A fundraising event hosted by president Joyce Banda in the capital Lilongwe has raised up to K42 million(about $138, 000) to help fight hunger that has hit several parts of the southern Africa state.

Held Saturday, November 3, the event came on the heels of revised figures indicating that close to 2 million people in the country face starvation despite years of bumper harvests.

While the problem has been attributed to drought that hit some parts of the country last year, poor food distribution systems are also to blame, according to analysts.

At the Lilongwe fundraising event, well-wishers also pledged several tons of the sample food maize. It was held under the Presidential Initiative on Hunger and Poverty.

Earlier, a government disaster management official admitted that the number of people affected by hunger in the country was much higher than earlier stated in a latest Malawi Vulnerability Assessment Report.

Commissioner for Disasters Mr. Geoffrey Kanyinji said 2 million Malawians need food aid and not 1.6 million as earlier projected.

President Banda has claimed that government officials lied to her about the figure of people affected by hunger in the country.

She assured the country that all those affected by hunger will be duly assisted.

According to president Banda, the situation has been aggravated because the former regime of late Bingu wa Mutharika, praised for improving food security, hid to the world reports of hunger in some parts of the country in the past three years.

The president has, nonetheless, come under criticism for donating to people maize labeled ‘JB’ or Joyce Banda with some political analysts suggesting she could be diverting relief food provided by donors to win votes ahead of the 2014 polls.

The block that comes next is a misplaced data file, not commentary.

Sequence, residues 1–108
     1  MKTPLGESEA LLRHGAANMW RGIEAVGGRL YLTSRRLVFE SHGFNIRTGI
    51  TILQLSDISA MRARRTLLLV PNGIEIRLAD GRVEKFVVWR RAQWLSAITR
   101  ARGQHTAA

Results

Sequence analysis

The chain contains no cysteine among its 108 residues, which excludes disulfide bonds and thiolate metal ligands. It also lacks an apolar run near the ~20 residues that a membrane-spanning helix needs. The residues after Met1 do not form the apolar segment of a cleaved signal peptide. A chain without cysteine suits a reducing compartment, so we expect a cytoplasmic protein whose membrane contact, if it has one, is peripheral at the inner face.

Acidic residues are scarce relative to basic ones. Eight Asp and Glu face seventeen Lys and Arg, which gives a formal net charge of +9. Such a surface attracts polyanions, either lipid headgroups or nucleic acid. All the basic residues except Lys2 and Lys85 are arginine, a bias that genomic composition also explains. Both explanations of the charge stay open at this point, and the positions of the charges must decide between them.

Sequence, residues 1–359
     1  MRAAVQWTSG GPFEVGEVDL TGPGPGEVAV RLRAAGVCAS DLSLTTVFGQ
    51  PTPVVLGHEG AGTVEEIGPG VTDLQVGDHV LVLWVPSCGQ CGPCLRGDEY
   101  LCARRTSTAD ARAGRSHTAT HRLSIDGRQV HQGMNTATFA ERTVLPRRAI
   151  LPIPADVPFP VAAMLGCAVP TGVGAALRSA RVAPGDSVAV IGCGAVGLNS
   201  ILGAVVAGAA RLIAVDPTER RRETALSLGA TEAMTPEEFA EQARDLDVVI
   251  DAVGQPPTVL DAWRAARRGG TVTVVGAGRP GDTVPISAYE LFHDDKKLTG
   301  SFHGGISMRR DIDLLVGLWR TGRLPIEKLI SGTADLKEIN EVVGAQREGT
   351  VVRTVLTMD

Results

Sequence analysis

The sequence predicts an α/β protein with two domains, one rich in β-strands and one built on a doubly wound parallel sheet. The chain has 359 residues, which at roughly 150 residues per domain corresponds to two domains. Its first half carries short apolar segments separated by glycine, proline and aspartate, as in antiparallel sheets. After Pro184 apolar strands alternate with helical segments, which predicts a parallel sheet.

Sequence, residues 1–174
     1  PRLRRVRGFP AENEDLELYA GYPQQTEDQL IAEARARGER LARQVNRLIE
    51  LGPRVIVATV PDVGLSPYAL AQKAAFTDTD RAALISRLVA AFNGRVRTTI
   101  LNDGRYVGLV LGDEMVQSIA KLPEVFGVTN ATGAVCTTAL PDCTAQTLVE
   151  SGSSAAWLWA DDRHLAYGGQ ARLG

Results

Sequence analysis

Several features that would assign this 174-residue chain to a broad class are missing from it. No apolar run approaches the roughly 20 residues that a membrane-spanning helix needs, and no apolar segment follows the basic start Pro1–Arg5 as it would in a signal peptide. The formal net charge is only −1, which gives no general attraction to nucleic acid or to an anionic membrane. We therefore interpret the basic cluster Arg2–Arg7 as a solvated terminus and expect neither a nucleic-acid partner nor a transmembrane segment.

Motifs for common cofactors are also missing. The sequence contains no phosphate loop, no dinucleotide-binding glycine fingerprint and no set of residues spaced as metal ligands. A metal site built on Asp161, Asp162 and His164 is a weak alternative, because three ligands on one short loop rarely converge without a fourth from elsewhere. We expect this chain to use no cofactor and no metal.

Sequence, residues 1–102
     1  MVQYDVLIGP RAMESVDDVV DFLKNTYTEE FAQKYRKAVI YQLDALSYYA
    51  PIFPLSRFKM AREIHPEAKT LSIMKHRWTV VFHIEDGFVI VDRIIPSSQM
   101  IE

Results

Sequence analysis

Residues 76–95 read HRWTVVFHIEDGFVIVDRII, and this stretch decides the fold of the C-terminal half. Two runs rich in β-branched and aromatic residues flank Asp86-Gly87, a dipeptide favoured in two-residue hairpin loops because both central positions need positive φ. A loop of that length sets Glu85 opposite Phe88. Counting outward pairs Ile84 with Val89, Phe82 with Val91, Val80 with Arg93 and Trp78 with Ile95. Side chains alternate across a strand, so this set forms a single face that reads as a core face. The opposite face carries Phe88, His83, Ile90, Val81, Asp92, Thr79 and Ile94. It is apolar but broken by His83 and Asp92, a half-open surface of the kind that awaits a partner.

The state house has insisted that the labeling is for the sake of transparency and that the maize she is personally donating is sourced by the Joyce Banda Foundation International, reported the Daily Times on Friday.

The most affected is southern Malawi which had erratic rains last season. There also other low-lying areas which have been affected in the centre such as Salima district due to floods that washed away people’s crops.

The so-called lean months are between October 2012 and March 2013.

The World Food Programme previously said it required K6 billion to reach out to the initial 1.6 million people in need of food assistance as a result of crop failure and high prices.

The situation has also been worsened the May 2012 devaluation of the kwacha which has seen maize prices going to an average of K55.50/kg from K30.

Meanwhile, 5 thousand food insecure households in Balaka district will for the next six months benefit from food aid courtesy of the Health and Development Commission of the Church of Central African Presbyterian Blantyre Synod.

Balaka is one the worst affected districts in the south.

General Secretary of CCAP Blantyre Synod Reverend Alex Maulana said each household will be receiving a 50 kg bag of maize, two and a half litres of cooking oil and a pack of beans every month.

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